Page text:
JURA EXPEDITION 1965
July 28th-August 13th
Leader: Jonny Ker
Officers: Brian Dale, Robert Frost, Robin Lord, Tony Pickering, John Sandison, David Vigar.
Boys: Willan Abel, Alistair Babbington, Martin Bedwell, Richard Bluer, David Buchanan, David Crews, Stuart Cullum,
Michael Cunliffe-Lister, James Forshaw, Peter Hannam, Michael Milliard, Andrew Jones, Brian Lett, Ronald Lewandowski,
Peter Liver, Archie McKellar, Anthony Milton, Robert Morton, James Osmond, Simon Peck, Dick Perks,
Philip Renold, Alistair Stevenson, Paul Thompson, Simon Young and Brian Watson.
When I first saw Jura at Easter on a cool, showery day, and realised for the first time how large an island it is, I had distinct misgivings as to its suitability for an expedition. When I saw it again on an even worse day in July, I was prepared to spend a fortnight trying to boost morale and dry out wet clothes!
A fortnight later, nobody seeing a group of healthily tanned people would have believed that we had been to the same place. A cold wind and rain had greeted us, yet by the time we had reached our site at Inverlussa (17 miles from Craighouse) the sun was vainly trying to appear; and despite three days' torrential rain, the camp site had the marquee and store tent in position, and a meal was ready for the last group which arrived at 10 p.m. An encouraging start—and one which was developed even more on the second day by good-hearted industry. Tents were pitched, trenches dug, scavenger hunts organised and by evening tables and benches had been hammered together.
Jura, a large island some 30 miles long and 8-12 miles wide, has not been used before by the S.H.S. The first few days after settling in were therefore spent in trying to cover a good deal of the northern half, with a view to working on certain projects. This done, it was realised that, because of the island's size, bivouacing would be one of the most worthwhile activities; and so it proved, with everybody in camp going on one scheme and almost half the camp doing two. These ranged from the luxury of camp beds at Glengarrisdale to a three-day attack on Craighouse, during which a group of ten made the S.H.S. well known to certain locals!
The sociologists flourished, paying frequent calls in various settlements and returning with some amazing stories mainly about ghosts and witches, which even produced a ghost-watching party regularly visited throughout the night!
Jura has a rugged charm, enhanced by high peaks and many lochs. The west coast raised beaches and caves, whilst the east has bays and woods. Between the two are acres and acres of bogs (which one person crossed with monotonous regularity). The whole area, however, provided many opportunities for ornithology, fishing and climbing; but above all gave us the wonderful sight of the red deer— some six thousand of them—magnificent stags silhouetted against the skyline, or herds of hind trotting nervously away before eyeing the strangers imperiously.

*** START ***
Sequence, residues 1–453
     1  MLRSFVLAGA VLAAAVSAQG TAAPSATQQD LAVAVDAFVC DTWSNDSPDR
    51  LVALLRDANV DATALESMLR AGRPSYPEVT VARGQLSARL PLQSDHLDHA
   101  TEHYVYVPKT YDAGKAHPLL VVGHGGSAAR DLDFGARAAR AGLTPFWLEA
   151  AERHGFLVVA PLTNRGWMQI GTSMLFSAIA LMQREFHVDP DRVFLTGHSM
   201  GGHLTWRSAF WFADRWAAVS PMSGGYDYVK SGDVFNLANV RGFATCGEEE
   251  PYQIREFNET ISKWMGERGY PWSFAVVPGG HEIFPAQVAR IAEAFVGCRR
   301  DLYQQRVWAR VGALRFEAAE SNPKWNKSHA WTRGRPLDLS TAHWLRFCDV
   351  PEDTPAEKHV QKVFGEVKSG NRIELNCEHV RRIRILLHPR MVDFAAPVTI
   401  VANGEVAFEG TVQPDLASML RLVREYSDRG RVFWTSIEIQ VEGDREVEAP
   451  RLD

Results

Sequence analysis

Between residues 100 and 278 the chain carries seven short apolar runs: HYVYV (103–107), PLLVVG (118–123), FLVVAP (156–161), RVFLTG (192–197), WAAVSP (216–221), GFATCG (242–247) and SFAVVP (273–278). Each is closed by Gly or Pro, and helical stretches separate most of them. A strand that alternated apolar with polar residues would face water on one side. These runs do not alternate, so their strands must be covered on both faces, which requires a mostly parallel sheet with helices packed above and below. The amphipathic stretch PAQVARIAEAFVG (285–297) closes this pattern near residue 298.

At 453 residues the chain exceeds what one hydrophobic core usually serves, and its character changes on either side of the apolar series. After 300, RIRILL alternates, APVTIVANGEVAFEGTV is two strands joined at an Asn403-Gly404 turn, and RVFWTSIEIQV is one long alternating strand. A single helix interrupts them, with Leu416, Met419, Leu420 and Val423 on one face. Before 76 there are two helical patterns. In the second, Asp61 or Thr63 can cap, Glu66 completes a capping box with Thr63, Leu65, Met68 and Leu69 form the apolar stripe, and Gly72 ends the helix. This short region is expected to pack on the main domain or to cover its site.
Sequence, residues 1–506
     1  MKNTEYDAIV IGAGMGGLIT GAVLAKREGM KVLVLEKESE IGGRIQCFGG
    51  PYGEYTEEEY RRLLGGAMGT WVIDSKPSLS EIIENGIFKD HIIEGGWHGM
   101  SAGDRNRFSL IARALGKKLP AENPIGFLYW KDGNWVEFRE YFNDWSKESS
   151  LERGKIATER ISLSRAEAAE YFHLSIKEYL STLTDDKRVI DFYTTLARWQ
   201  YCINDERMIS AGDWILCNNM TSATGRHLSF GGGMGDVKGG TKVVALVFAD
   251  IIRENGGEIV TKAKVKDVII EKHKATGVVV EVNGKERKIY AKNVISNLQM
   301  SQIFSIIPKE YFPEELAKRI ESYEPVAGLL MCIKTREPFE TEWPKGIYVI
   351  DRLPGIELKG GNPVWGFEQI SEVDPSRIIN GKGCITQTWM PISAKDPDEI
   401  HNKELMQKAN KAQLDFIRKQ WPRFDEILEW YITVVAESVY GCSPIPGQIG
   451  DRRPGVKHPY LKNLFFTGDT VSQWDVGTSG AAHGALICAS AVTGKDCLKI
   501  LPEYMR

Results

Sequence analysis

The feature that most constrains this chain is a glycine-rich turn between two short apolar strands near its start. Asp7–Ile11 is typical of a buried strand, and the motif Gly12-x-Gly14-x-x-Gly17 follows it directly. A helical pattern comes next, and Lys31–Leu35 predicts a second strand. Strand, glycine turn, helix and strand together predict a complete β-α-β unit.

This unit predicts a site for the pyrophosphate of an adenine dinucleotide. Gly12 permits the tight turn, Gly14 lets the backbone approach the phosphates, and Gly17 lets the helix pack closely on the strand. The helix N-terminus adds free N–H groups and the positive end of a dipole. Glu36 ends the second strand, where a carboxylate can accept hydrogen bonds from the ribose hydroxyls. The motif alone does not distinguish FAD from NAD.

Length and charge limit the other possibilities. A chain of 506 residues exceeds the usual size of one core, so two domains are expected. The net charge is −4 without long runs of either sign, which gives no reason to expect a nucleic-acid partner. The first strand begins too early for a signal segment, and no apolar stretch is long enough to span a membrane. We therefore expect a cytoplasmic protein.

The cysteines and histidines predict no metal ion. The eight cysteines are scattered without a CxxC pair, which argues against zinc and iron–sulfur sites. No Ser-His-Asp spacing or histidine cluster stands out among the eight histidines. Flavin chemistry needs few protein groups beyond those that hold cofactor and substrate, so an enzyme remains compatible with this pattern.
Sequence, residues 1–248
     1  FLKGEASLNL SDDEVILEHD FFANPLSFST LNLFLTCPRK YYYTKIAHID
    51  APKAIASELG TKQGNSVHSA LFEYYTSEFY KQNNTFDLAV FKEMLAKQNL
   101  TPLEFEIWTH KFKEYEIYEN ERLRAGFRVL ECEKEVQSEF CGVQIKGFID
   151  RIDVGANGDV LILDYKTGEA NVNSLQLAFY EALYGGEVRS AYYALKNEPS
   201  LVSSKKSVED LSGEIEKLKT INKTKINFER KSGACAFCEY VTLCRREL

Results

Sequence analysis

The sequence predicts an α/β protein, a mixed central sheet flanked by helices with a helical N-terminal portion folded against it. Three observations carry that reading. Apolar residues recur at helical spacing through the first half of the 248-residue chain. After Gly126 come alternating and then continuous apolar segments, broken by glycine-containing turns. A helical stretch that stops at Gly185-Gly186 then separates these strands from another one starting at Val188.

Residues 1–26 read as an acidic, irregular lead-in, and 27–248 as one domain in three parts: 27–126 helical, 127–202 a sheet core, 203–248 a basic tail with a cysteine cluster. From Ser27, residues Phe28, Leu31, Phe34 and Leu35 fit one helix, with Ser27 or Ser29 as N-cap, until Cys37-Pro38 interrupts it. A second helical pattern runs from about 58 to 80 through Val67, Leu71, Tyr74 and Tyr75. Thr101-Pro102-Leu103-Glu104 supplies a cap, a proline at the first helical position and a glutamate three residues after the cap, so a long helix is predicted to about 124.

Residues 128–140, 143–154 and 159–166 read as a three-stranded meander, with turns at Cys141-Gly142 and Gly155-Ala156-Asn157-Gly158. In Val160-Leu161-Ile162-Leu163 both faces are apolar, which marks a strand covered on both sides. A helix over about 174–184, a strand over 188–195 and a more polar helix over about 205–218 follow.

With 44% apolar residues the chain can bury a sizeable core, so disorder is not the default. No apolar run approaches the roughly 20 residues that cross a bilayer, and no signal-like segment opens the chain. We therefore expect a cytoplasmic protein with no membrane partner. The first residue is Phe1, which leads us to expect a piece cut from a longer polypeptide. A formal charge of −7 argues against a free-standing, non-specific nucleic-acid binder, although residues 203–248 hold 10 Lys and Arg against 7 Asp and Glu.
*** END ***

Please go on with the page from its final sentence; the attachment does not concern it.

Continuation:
A strong gale brought down the marquee and store tent, but with the help of the N.A.Y.C. group (camping with us because they were storm-bound) order was soon restored, and from then on the weather was very reasonable, with two or three outstanding days. Trips in the canoe and boat (memories of abortive fishing trips!) and even the odd hardy type who managed to swim increased noticeably, and time passed all too quickly.
Other highlights included the Ardlussa games, where two of the slower officers fought a great battle for last place in the 220 yards; a soccer match against Jura where endeavour was more apparent than skill; and nightly "sevens" matches which went on until the ball and the various hazards could hardly be seen. A fortnight soon passes, and this report can never do more than touch the edges of the many happenings.
Lussa Bay, 2006 © Copyright Mary Ward-Campbell
Memories are individual, but the overriding one of pleasure from leading a group of willing and cheerful people is the one I shall retain. Singling out individuals is invidious, but I should like to thank all the officers for their hard work and for making my job so much easier and more pleasant. In this respect, too, I must mention the co-operation and helpfulness of the islanders themselves, particularly Mrs. Nelson for permission to use the site and Mr. Templeton for all his help with transport and supplies. To many others who contributed to our stay in so many ways, may I say: Thank you.
[12/2012 from Ronald Lewandowski "I remember those S.H.S magazines very well. I was part of that wonderful trip to the Kings Cave on Jura and did the drawing of it in the magazine [page 32 1965 S.H.S report]. I was also the finder of the bloodstone arrowhead on that beach on Rhum opposite the Cuillins on Skye in 1967 - the Irish penny was found at almost the same time in the sand close by. It's strange to think that given that those memories are so fresh all us 'boys' are now in our sixties or seventies. Thank you for making contact and jogging my memory of a great few weeks in my life. Ron ]
|The Lussa River reaches the Sound of Jura here, in an anchorage well sheltered from all but south east winds. © Copyright Gordon Doughty
A few cottages, phone box and post box make up this tiny community at the mouth of the Lussa River.